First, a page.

Friday, March 7, 2008

The T27 Train to Tibet (Feb 20)




My friend and I are on the train from Beijing to Lhasa, Tibet, and it has been an amazing experience so far. The entire trip is 48 hours, and based on a friend’s recommendation decided to go with the hard sleeper ticket instead of the soft sleeper. It is pretty tight quarters with 6 beds packed into a space of about 200 cubic feet (6x6x8). There is no door and a hallway that is about 3 feet wide with seats on it. Everyone, of course, is all up in everyone’s business. Especially ours. This is certainly the down season to visit China and Tibet, and there are very few foreigners around.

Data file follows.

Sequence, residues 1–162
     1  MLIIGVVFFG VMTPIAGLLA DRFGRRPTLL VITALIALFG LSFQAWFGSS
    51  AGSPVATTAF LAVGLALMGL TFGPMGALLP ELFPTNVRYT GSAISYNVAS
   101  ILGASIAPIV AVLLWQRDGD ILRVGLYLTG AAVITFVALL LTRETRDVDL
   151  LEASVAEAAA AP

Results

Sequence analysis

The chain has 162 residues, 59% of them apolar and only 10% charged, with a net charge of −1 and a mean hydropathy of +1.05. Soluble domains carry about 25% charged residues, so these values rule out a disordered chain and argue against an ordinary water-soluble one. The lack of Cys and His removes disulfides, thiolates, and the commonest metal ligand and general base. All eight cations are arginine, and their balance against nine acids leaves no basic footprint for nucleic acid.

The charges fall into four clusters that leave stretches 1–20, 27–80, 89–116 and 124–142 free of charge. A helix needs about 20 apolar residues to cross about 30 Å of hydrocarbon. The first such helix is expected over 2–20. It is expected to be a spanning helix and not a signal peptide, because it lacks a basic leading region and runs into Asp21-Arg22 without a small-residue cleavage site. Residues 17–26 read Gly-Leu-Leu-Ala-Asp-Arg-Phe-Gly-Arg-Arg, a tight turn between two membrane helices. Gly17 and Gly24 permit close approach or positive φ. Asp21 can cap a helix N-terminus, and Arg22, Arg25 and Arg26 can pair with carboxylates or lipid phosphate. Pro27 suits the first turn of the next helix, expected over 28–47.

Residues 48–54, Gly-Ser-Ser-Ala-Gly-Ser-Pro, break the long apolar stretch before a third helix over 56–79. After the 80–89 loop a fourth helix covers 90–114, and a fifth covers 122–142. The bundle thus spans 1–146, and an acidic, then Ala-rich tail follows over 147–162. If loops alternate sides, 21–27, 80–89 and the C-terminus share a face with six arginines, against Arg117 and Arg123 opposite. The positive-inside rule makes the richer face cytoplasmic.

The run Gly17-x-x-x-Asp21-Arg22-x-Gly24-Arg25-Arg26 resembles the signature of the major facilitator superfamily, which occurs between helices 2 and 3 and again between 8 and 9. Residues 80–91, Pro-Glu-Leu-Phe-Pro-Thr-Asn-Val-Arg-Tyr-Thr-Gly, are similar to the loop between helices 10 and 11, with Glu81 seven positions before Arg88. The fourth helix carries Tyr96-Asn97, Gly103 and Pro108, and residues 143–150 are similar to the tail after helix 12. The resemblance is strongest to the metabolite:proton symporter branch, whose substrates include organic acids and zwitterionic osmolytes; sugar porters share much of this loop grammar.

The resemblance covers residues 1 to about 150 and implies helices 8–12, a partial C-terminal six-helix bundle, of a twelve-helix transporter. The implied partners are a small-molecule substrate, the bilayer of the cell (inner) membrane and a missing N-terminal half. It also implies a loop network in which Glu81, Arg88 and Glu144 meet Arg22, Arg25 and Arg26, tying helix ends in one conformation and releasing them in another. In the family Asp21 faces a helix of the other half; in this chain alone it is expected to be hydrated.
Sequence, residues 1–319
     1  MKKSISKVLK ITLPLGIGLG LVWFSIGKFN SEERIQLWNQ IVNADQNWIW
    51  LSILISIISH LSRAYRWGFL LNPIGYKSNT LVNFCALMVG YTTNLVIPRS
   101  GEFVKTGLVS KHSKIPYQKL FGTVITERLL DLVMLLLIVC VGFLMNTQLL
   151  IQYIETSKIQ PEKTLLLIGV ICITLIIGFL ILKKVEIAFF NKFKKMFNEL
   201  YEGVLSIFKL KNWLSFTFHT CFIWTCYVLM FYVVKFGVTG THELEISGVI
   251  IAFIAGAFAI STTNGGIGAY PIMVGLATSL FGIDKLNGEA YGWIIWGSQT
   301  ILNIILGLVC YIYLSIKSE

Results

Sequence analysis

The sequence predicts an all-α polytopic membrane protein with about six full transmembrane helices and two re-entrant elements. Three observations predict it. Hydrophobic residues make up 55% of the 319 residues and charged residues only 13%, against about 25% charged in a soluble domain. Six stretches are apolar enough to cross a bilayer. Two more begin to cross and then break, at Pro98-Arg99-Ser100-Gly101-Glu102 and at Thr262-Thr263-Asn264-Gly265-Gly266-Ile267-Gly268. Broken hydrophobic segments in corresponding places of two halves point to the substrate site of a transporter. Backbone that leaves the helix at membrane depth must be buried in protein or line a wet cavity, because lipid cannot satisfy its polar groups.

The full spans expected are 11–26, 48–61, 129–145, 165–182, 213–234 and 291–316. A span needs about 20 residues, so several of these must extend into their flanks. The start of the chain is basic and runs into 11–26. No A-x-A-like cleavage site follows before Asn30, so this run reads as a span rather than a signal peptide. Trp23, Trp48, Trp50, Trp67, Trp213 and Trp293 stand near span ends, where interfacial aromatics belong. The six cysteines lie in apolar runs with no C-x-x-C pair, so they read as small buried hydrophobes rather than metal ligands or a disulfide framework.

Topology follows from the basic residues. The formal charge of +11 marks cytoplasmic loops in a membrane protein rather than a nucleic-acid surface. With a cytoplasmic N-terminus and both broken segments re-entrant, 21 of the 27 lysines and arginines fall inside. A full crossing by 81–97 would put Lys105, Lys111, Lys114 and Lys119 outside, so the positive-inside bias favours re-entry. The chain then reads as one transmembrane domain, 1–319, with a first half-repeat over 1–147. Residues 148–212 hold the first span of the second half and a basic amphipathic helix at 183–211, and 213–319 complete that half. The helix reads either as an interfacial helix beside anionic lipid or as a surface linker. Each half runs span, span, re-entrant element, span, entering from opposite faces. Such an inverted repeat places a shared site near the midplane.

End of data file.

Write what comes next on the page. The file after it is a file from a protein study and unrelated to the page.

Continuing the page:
Upon arrival to our cabin, we quickly met and became very well acquainted with our bunkmates and then, of course the rest of our car. One woman was headed to Lhasa, who looked much more like she was from Tibet, and a couple of the others were getting off at earlier stops. Most everyone else was Chinese. It is interesting to see who is from where, amidst some of the controversy about the impact of this train. Many seem to think that this is strict attempt by the Chinese government to further exalt its power and dominion over Tibet as it will open up new markets and areas for the Chinese people. Additionally, Tibet is a land full of untapped natural resources, and it doesn’t take a genius to know that China needs all the resources it can get its hands on. (hmmm. Seems like this has happened before.) Others see it as a way to increase the standard of living in Tibet as well generate better economic and cultural opportununities. It certainly bolsters tourism, and we will be curious to see the impact of this gateway has had.